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Athena Review Vol.1, no.4

Buddhist Monasteries in Tibet

The Tibetan origin myth, first arising among pre-Buddhist, Bön cultures in the Yarlung Valley, features the marriage of a monkey and a demoness named Sinmo, from whose six children evolved the main tribes of Tibet. Later adapted by Buddhism, the monkey became the Bodhissatva of compassion.

A sparsely settled country of several million people in an area of nearly 500,000 sq miles, most of the population is concentrated in southern Tibet, living as farmers and herders in valleys of the Salween and Brahmaputra Rivers (fig.1). The political history of Tibet remains buried in legend prior to the introduction of writing in the 7th century AD. By about AD 600, Yarlung forces led by their 32nd king, Namri Songtsen (AD 570-619) had overcome Qiang tribes and unified much of Tibet. This set the stage for further expansion under his son, Songtsen Gampo (AD 618-649). Both legend and history agree that it was through two Buddhist brides of Songtsen Gampo (one Chinese, the other Nepalese) that Buddhism was permanently introduced to Tibet. A century later, by the time of King Trisong Detsen who founded the first Buddhist monastery in Tibet at Samye, Buddhism was firmly implanted.

[Fig.1: Map of Tibet showing provinces, major rivers, and Buddhist monasteries.]

The vast majority of people speak Tibetan, in the Tibeto-Burman subgroup of the Sino-Tibetan language family and more closely related to Burmese than Chinese. During Songtsen Gampo's reign, writing had been introduced into Tibet based on Sanskrit texts from India, Kashmir and Nepal. All available Buddhist literature in India and Tibet was translated into Tibetan by the 14th century, including both the main Buddhist canon (the Tripitaka, meaning "three baskets": discipline [dulva], sermons [do], and metaphysics [chos-nonpa]); and some Sanskrit texts now known only in Tibetan translations.

Tibetan Buddhism or Lamaism evolved from the late 6th century AD Mahayana Buddhism brought into Tibet by missionaries from India. Lamaism incorporated ritual practices of the mystical sect known as Tantric Buddhism, which showed affinities with shamanistic features of Bön (somewhat analogous to the relation of Buddhism to Taoism in China). In AD 1040 a reform movement was initiated by the arrival of Atisa (AD 982-1054) a great Buddhist scholar from Bengal, India, invited by the king of Guge in western Tibet. Over the next centuries, a number of sects emerged. Since the 17th century, the predominant sect has been the Gelugpa, commonly known as the Yellow Hats, which includes the order of the Dalai Lama, political and spiritual ruler of Tibet, and the Panchen Lama, a main spiritual authority. When the Dalai or Panchen Lama dies, his spirit is thought to enter the body of a baby boy. Monks search the country for a boy born about the same time as the lama's death, who must pass several tests before being declared the successor. Religious rites and festivals central to the yearly round of life include pilgrimages to sites of important temples at Shigatse or Lhasa. On a daily basis, Tibetans recite prayers and use prayer wheels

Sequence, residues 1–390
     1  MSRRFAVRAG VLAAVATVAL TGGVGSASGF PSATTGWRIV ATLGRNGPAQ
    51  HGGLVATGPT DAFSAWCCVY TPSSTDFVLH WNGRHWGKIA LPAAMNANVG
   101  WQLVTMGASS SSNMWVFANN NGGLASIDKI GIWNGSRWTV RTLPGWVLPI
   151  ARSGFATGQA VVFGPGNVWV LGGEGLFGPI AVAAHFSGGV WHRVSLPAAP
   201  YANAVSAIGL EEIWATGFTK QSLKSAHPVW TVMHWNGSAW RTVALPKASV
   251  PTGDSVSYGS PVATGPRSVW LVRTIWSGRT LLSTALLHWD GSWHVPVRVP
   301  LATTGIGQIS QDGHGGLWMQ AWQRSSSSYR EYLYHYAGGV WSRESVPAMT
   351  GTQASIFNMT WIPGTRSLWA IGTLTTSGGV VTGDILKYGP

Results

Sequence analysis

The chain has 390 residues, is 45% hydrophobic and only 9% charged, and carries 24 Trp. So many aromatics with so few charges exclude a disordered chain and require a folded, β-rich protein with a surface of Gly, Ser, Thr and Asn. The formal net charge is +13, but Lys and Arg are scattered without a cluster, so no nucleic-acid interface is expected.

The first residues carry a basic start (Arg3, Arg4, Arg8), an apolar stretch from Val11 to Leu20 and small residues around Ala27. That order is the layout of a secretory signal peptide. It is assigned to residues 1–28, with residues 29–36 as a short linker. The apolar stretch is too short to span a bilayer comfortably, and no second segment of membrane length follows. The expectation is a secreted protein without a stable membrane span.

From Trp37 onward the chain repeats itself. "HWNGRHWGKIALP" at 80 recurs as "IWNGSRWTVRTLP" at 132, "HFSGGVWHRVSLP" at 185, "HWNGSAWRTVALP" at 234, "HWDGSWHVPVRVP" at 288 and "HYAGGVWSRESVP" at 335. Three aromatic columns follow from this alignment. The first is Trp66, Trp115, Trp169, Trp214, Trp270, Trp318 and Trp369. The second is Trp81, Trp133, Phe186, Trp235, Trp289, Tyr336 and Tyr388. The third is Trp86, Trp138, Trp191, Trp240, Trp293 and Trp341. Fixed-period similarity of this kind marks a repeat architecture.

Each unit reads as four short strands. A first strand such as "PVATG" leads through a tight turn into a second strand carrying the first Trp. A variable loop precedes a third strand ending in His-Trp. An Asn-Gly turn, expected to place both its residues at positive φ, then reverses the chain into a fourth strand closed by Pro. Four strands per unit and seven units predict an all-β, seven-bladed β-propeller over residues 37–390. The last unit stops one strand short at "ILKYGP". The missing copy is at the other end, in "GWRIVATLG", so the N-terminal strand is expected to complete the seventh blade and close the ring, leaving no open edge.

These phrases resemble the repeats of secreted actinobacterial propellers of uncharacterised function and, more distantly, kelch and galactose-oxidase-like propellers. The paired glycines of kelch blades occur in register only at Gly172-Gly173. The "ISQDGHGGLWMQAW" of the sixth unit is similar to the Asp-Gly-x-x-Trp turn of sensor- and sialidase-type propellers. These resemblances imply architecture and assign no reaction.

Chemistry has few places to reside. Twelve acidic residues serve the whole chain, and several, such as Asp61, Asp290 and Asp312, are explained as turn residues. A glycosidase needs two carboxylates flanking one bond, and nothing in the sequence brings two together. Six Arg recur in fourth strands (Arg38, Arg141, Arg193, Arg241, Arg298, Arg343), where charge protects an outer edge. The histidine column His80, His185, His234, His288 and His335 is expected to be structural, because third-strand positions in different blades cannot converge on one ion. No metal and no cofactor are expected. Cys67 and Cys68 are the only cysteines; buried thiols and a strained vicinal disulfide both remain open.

[Fig.2: Tibetan prayer wheel, with Tibetan writing.].

Since the 1951 Chinese takeover, Lhasa's Chinese population has grown rapidly, and now dominates the once secluded Tibetan capital. Many religious institutions were destroyed during the "Cultural Revolution" of the 1960s and `70s. In the 1980's, some monasteries were allowed to re-open and recruit new monks. Today, however, Tibet has far fewer monasteries, which nevertheless remain centers of education, art, and public worship.

A Short List of Tibetan Monasteries

Samye, the oldest monastery in Tibet, was founded between AD 765-780, during the reign of King Trisong Detsen. Here occurred a debate in the 790's between a more traditional approach of enlightenment through scholarship, and a radical doctrine of Zen Buddhism favoring simple contemplation.  Samye is now a popular tourist destination. Its architecture, copied from Odantapuri temple in Bihur, India, is based on a mandalic symbol of the universe. The central temple represents a mountain, and those around it are oceans and continents.

Lhasa: Seated in a fertile plain along the Lhasa River, a Brahmaputra tributary, and until recently isolated by the Himalayas from outsiders, Lhasa ("God's place") is the religious, commercial, and political center of Tibet. In the heart of Lhasa is the Jokhang, built between AD 637-647 by King Songtsen Gampo as a shrine to store an image of the Buddha, the dowry of his wife Princess Bhrikuti. This Buddha image still stands inside. Also in Lhasa are the Norbulingka, summer palace of the Dalai Lama, while several monasteries, Sera, Dreprung, and Nechung, lie just outside the city (fig.3).  Lhasa's most famous shrine is the Potala palace, built by Ngawang Lozang Gyatso (1617-1682). This thousand-room structure ( featured in the recent movie Seven Years in Tibet, based on the book by Austrian mountaineer Heinrich Harrer), was built on an ancient fort on a ridge overlooking the northern part of the city. After 1642 it served as the home of the Dalai Lama. In 1959, eight years after the Chinese takeover, the 14th Dalai Lama fled to northern India. where he still resides. The Potala has since been converted by the Chinese into a museum.

[Fig.3: Map of Buddhist monasteries in Lhasa.]

Reting, situated in the Rong Chu Valley of Central Tibet, was founded in AD 1056. The monastery was initially associated with the Indian scholar Atisha, a watershed figure in the revival of Buddhism in Tibet, and later had important ties to the Dalai Lamas and the Gelugpa Order. It contained a main assembly hall with murals of venerable lamas and Tantric gods, and a much revered gold statue of Guhyasumaja, usually defined as the personal Tantric deity of Atisha. Destroyed after the Communist takeover, the monastery is now slowly being rebuilt.